San Bernardino County, population 2,035,210 (2010), is one of the largest counties in the United States, extending from the City of San Bernardino to the borders of Arizona and Nevada; major portions of the County are public lands, including the San Bernardino National Forest, the Mojave National Monument and numerous military installations. In 1982, the County adopted a specific plan for Chino Hills, a 40 square-mile area with interesting terrain and substantial rural character. In 1991, the area was incorporated as the City of Chino Hills and the Specific Plan became inoperative. Consequently, this profile remains unchanged from the version that appeared in Beyond Takings and Givings in 2003.
The Chino Hills Specific Plan created five development categories based on environmental sensitivity using such criteria as topography, slope stability, ecology, fire hazard and visual resources. The five development categories were Village Cores, Preferred Development Envelopes, Development Envelopes, Mixed Use Areas and Development Sensitive Areas. Development Sensitive Areas contained land with steep slopes and significant visual land forms, geologic hazards or environmentally-sensitive areas. The Plan allowed low-density single-family residential development in Development Sensitive Areas but also encouraged the transfer of permitted density from Development Sensitive Areas to areas designated as Preferred Development Envelopes or Development Envelopes in order to preserve open space and significant environmental features.
Development Sensitive Areas included the most rural portions of the specific plan area. They often included significant visual landforms, geologic hazards, sensitive environmental areas and slopes in excess of 30 percent; these areas were considered difficult to develop and were assigned the lowest permitted densities in the specific plan area. The Plan found these areas most suitable for the Planned Unit Development (PUD), Small Agricultural (AS), Rural Living (RL) and Single Residential (RS) Land Use Districts. These districts allowed low-density, single-family uses. But, to preserve open space and sensitive environmental features, the Plan encouraged transfers of permitted densities to the Preferred Development and Development Envelopes.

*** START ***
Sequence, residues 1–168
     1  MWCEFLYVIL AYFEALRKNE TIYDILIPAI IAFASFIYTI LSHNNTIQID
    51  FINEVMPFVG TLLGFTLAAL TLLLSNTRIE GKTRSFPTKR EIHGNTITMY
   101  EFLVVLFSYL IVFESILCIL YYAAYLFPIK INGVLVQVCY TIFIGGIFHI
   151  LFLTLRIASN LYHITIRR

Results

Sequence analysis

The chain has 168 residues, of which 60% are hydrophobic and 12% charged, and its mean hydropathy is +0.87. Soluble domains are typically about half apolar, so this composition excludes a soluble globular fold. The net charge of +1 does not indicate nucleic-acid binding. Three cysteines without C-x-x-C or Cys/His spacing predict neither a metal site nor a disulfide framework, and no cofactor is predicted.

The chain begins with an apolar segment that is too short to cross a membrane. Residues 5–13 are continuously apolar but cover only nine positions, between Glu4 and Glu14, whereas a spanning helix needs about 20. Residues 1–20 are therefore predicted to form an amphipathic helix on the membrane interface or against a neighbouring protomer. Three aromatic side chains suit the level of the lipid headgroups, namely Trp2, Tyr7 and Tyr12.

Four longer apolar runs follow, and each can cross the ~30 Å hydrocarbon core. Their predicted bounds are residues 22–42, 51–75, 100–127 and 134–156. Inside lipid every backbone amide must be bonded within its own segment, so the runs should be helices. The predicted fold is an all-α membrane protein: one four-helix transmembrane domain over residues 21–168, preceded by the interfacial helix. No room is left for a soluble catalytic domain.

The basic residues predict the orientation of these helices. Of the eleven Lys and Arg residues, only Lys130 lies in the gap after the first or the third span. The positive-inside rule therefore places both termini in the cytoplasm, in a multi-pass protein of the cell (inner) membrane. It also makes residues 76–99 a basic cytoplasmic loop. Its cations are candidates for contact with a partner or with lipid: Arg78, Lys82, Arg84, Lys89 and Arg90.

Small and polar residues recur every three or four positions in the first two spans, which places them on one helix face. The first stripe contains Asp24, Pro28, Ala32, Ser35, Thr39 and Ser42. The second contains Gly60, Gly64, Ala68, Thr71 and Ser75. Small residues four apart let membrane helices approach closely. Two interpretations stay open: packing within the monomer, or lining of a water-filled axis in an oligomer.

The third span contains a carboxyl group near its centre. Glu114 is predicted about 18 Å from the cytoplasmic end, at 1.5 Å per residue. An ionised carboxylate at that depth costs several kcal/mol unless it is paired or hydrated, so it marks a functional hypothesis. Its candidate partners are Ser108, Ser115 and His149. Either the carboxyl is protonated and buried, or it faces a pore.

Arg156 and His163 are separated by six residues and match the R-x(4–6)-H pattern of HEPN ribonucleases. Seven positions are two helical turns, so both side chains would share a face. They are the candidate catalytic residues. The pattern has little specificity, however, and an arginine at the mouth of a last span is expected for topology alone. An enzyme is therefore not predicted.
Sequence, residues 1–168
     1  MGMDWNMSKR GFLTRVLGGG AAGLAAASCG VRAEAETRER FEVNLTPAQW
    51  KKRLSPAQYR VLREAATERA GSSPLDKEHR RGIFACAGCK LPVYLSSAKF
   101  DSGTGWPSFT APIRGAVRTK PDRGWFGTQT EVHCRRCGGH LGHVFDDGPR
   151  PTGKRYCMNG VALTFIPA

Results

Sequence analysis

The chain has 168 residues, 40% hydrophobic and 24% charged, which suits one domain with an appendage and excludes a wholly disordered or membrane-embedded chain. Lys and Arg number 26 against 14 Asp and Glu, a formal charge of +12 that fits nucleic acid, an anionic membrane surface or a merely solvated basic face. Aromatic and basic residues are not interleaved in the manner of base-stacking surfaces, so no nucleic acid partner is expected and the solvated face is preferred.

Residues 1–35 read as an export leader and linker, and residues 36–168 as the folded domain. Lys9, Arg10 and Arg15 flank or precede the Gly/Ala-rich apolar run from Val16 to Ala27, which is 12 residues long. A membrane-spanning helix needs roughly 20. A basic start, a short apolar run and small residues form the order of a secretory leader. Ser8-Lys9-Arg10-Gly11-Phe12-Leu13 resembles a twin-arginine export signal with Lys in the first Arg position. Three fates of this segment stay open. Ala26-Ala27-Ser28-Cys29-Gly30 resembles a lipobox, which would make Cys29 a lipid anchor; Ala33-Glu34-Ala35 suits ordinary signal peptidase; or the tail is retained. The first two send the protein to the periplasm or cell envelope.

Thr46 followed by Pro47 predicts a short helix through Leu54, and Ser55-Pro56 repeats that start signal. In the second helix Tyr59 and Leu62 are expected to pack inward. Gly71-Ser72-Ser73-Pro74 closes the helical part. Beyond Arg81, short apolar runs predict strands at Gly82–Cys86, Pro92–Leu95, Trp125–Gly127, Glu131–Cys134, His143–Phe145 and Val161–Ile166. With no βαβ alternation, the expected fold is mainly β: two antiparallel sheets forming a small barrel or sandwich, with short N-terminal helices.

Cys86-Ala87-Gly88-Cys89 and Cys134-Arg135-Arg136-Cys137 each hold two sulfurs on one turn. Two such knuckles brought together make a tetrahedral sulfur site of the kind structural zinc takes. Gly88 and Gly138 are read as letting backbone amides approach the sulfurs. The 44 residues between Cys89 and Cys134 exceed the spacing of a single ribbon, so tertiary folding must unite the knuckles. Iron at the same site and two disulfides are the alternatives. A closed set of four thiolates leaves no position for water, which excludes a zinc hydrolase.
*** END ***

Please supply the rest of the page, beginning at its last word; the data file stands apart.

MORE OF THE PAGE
The Chino Hills Specific Plan used transfer of development rights to achieve five different purposes.
- Dwelling units could be transferred out of Development Sensitive Areas into Development Envelopes and Preferred Development Envelopes. Development could also be transferred from Development Envelopes to Preferred Development Envelopes to achieve the goal of moving development from less intensive areas to more intensive areas.
- Density could be transferred between planning units with the same classi-fication if the infrastructure in the receiving area could accommodate the added development.
- Development could be transferred in cases where areas approved for homes were subsequently impacted by the alignment of major infrastructure such as roads and drainage channels.
- Development could also be transferred from park and school sites unless the sites were purchased for those uses.
- And, density could be transferred between villages if the sending site was in a less intensive category than the receiving site.
In the Chino Hills Plan, development could be transferred from approved sending sites as long as the project area maintained its assigned minimum number of dwelling units. Conversely, units could be transferred into receiving sites in Preferred Development Envelopes and Development Envelopes as long as the total number of dwelling units assigned to the project area was not exceeded. The number of units transferred from the sending site equaled the number of additional units allowed on the receiving site.
By permitting only low-density, single-family residential development in the Development Sensitive Areas, San Bernardino County motivated the owners of potential sending sites to transfer development rights rather than use them on site. In addition, the developers of receiving sites were encouraged to use TDR by the ability to achieve density bonuses in their projects.
According to Tina Twing of the San Bernardino Planning Department, developers transferred development rights under the Chino Hills Specific Plan and these transfers resulted in the preservation of all of the most prominent ridgelines in the planning area.
As mentioned above, the planning area was incorporated as the City of Chino Hills in 1991. However, San Bernardino’s General Plan still states that TDR can be used to preserve environmentally-sensitive land.